What is in this article?:
- Environmental Working Group degrades farmers and hurts consumers with annual 'Dirty Dozen' report.
- USDA testing proves pesticide residue levels are within legal limits.
Like his peers, Merced County, Calif., farmer Cannon Michael is fed up with the Environmental Working Group’s annual ‘Dirty Dozen’ list of so-called consumer alerts about pesticide contaminated fresh fruits and vegetables.
EWG’s list, collected from USDA and Food and Drug Administration testing data, reports such things as: pesticides detected on “up to 98 percent of the more than 700 apple samples tested,” and “33 unapproved pesticides (were found) on 44 percent of the cilantro samples tested.”
“What a bunch of self-serving scare tactics not based on science that only serve to degrade the American farmer and discourage the public from eating perfectly safe and nourishing food,” said Michael.
“So there were detections — almost entirely below the tolerances set by the EPA. Talk about a bunch of misinformation,” said Michael, the sixth-generation to farm on the family’s Bowles Farming near Los Banos, Calif.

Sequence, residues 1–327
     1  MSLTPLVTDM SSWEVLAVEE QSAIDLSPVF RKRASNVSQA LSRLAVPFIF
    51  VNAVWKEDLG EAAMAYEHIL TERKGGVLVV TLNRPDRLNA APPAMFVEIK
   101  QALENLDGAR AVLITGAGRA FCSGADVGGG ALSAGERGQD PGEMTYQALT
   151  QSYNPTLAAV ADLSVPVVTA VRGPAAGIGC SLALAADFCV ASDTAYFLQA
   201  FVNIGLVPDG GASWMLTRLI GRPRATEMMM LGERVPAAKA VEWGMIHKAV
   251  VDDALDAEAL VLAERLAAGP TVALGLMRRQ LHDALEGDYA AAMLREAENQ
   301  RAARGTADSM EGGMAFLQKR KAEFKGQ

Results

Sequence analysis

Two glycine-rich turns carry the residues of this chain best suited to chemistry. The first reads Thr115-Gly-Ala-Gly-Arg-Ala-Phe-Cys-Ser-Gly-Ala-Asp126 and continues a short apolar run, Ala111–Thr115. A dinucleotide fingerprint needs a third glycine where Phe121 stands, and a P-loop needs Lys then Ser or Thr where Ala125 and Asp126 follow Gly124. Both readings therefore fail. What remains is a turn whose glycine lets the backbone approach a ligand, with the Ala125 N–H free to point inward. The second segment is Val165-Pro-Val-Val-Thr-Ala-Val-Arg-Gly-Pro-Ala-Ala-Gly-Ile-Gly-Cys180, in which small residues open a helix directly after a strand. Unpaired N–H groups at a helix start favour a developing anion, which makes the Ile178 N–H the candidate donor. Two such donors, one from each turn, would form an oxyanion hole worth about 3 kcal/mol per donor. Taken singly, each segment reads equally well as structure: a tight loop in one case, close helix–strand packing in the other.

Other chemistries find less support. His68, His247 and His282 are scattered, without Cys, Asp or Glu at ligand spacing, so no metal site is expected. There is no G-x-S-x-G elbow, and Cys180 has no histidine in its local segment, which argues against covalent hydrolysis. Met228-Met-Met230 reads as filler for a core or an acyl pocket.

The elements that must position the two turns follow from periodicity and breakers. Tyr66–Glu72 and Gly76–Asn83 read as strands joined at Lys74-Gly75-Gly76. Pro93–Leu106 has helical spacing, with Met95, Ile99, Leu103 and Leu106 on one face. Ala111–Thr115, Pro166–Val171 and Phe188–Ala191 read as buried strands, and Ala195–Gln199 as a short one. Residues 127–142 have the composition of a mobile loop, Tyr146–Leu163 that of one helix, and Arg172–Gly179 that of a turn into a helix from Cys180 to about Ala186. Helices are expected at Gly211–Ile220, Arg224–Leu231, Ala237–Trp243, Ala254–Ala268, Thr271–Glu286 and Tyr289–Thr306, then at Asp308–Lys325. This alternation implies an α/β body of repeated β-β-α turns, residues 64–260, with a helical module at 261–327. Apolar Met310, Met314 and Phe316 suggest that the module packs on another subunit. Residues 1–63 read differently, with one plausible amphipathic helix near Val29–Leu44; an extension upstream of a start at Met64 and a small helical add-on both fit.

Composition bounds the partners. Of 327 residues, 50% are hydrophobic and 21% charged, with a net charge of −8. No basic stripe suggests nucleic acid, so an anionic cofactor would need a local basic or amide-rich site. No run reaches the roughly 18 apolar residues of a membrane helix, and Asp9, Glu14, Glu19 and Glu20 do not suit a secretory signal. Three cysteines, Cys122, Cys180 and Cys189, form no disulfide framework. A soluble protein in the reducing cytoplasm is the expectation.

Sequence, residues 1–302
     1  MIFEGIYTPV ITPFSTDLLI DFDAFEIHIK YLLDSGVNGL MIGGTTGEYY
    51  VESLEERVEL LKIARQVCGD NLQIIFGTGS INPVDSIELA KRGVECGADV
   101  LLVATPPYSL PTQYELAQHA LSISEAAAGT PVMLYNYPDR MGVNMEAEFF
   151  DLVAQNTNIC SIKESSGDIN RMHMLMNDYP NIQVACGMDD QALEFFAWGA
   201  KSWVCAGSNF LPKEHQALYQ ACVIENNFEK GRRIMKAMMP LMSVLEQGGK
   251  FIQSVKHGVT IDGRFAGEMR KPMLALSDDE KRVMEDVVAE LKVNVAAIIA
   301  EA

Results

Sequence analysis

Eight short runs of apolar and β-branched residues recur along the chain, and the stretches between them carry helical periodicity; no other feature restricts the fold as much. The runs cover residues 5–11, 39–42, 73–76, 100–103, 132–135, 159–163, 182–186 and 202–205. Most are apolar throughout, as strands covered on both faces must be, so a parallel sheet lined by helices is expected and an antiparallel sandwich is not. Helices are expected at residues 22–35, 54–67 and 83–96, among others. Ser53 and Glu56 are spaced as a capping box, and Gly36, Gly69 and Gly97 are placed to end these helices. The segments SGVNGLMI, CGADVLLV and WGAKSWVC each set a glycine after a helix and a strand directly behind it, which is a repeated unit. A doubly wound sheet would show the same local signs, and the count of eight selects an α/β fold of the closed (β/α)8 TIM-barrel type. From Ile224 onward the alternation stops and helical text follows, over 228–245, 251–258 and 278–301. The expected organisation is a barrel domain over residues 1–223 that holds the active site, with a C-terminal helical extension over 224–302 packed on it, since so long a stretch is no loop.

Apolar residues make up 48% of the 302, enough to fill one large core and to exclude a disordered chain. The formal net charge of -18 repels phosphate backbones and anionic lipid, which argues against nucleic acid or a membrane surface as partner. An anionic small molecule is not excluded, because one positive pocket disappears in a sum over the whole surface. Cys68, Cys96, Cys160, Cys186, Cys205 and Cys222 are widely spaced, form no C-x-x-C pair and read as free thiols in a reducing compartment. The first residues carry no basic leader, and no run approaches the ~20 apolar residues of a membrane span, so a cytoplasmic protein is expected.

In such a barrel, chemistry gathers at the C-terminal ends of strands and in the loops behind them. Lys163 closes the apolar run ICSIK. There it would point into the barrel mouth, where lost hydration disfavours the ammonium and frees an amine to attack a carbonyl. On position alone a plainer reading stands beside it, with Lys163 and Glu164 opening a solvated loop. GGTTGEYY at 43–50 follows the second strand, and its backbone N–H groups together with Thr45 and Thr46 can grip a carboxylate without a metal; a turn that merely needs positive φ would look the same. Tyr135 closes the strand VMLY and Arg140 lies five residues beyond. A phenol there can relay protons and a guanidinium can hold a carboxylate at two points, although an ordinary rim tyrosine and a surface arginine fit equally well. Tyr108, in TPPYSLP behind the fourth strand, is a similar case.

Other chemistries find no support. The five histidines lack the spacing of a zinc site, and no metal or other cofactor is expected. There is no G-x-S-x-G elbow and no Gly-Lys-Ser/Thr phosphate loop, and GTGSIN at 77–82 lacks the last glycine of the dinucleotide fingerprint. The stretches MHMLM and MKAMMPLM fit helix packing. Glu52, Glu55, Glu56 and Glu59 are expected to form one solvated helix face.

“It is amazing these people can get away with this stuff. I would eat any of the so called ‘Dirty Dozen’ and feed them to my boys without worrying one bit. Totally insane!” said the father of three boys ages nine, eight and six.
“We actually live on a farm and our house is adjacent to a field where we sometimes even apply pesticides,” said the University of California, Berkeley graduate.
“A guide to protect you from a 0.3 percent chance that a food is over the tolerance level set is unbelievable. The tolerances are set by science and yet there is no mention of that in the news release. The Environmental Working Group just twist things to fit its agenda,” said Michael, who is a California Ag Leadership graduate and the current chairman of the California Cotton Growers Association. He is also active in many other agricultural groups.
EWG’s annual report is picked up without question by major news outlets and agriculture annually cringes at what Michael and others called distortion of the true facts.
“I walk in the same fields that my workers do. We spray (pesticides) as little as possible. We use IPM to determine when to treat.